Today in The Age of Disruption

In 2016, I was honored to present to a major publisher’s entire company. My topic was on what’s a publisher to do (in what was then known as age of disruption if you will recall), and my assignment was to discuss how my own business has changed, and how publishing is continuing to change.

I like to come early to such meetings and listen because I learn the mindset of the audience I’ll be addressing (see my blog Selling the Why and Why It Ain’t So). If you are a presenter, and you get that opportunity, you will never fail to learn some things that will help adjust your own presentation. Here’s what I learned then before I took center stage.

  1. If your budget is $14M, you can do a lot. One of the presenters talked about their campaign for a major brand. You saw people in the audience drooling: the spend was $14 million, and the campaign included everything from buying billboards to social media and print. It was a very effective campaign according to the presenter: the goal was 1.4 million impressions, and they delivered 83 million. But, what’s an impression? Like “hits” (or How Idiots Track Success), an impression is just that: a fleeting look. Granted, you need impressions to start the ball rolling, but spending all that money to create an impressions is, well, wasted if you can’t know who you are impressing or you can’t turn one of those impressions into a sale (or prove you did). That’s been the battle since Wanamaker said half his money spent on advertising was wasted, only he didn’t know which half. Unfortunately, most of the time that’s still true.

Today…Budgets are in freefall. The entire landscape (talk about disruption) has shifted and will never return to what people are trying to define as “new normal.” Our series — Navigating Sales and Marketing During COVID-19 — is one of the highest visited sections on our website.  Separate essays on Architecture, Manufacturing, Retail, Security and more are presented as ideas on just how savage this disruption has and is to business of most all sizes. In fact, size will not matter eventually; though size can help a company withstand disruption to a degree, it can’t save the company from the forces of disruption. There are opportunities, however, and in the Navigating Sales and Marketing in Media Outlets During COVID-19, some of those opportunities are presented for your consideration.

One of the things you will read is that today, EVERYONE is a media outlet. Any business with a website is a media outlet, competing with other media outlets for attention. In Rorschach Test: Who Is Robert Redford?, Shane Smith, the man who built Vice into a $2.5 Billion Empire, said something profound: “Vice has found that magical point of convergence…We want to do three things. We want to make good content, we want to have as many eyeballs as possible see that content, and we want to make money so that we can keep paying to do that content.” Isn’t that what every company wants to do after COVID-19?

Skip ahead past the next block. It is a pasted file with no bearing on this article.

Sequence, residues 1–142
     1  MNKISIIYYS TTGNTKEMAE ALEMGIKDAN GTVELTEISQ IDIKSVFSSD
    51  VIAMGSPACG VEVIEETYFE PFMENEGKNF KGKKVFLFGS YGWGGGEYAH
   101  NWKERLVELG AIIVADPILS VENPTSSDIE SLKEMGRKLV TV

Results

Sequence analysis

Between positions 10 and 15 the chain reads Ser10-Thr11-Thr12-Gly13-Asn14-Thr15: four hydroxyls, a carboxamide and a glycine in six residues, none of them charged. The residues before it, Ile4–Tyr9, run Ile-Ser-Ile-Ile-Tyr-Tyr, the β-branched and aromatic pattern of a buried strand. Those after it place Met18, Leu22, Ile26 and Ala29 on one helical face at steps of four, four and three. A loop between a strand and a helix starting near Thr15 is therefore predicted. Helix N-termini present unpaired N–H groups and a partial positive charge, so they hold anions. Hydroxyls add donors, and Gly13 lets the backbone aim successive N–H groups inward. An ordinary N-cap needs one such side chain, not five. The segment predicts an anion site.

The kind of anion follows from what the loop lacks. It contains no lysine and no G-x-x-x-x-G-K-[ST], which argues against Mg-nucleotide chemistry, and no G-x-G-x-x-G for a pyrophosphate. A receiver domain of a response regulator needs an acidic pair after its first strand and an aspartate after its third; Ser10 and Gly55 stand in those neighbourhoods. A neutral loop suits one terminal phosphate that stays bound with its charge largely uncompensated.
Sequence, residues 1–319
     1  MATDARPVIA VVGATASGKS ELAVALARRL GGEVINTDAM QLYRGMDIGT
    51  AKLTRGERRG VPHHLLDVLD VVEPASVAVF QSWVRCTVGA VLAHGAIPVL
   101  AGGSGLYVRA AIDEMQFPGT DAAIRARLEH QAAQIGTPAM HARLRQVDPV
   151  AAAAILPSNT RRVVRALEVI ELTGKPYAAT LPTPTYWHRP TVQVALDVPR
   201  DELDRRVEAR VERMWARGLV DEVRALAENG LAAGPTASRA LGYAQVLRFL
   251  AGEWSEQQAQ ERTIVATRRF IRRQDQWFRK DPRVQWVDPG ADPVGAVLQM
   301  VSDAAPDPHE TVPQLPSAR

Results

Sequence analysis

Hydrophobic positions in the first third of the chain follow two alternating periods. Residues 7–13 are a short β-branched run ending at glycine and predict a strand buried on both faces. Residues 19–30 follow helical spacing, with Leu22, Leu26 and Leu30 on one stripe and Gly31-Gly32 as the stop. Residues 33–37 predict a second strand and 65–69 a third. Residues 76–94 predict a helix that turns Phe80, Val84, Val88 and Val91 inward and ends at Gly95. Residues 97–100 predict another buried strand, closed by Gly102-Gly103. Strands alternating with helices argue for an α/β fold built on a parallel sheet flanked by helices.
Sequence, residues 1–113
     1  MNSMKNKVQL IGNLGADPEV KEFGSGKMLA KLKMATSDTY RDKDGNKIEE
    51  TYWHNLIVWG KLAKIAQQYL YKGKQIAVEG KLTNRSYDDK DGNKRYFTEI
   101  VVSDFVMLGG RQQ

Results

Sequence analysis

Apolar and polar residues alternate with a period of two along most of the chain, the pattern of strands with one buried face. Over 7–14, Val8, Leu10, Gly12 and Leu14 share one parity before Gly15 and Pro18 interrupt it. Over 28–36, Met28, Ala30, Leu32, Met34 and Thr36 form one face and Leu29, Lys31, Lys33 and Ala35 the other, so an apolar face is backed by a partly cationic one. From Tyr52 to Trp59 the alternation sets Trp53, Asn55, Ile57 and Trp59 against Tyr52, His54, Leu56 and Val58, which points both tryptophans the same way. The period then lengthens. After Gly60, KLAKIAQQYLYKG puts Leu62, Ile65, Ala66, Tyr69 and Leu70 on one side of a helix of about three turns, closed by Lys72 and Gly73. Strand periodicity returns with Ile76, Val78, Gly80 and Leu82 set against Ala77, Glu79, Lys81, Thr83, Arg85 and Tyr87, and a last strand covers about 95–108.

1. Be aware of triggers of opportunity. In the agency and publishing business back in 2016, sales people should have been looking for triggers of opportunity, or situations (client problems usually) where a door will open for you. There were plenty of them then, and an overwhelming amount of them now. One trigger then and now was research, and we were encouraged to follow the research – something we are a proponent of since we opened our own doors. But research can also lead to blind alleys; in fact, there’s an enormous amount of money spent on research that leads nowhere. And that’s how it should be. Research is inherently designed to help you make go/no go decisions. Probably the hardest thing a company can do is do research, find out they made a miscalculation, but decide to go ahead anyway and lose a fortune. It happens a lot – a lot more than you’d think. Transitions are another trigger. When there is a change in management, a change in a process, that usually spells opportunity. But to find them, you have to be listening – carefully. Sometimes transitions happen suddenly. Other times they evolve over time, with clues being scattered in front of you like breadcrumbs. The key is to pay attention, and then be agile enough to move quickly, neatly and efficiently.

Today…There is an overabundant amount of research going on, all telling us “no one knows.” That’s because no one does know. I shared with an audience of 200 professionals including designers and architects in a recent online webinar about finding and targeting customers in the COVID-19 environment these three points:

  •  Every market is in flux because of COVID-19, and no one has the answers.
  •  If no one knows the answers, YOUR answer is good as anyone else’s.
  •  Use the Blue Ocean, Red Ocean approach. Right now, the waters are actually blue.

The last point in particular is important: we are actually in very blue oceans because nothing is working as normal.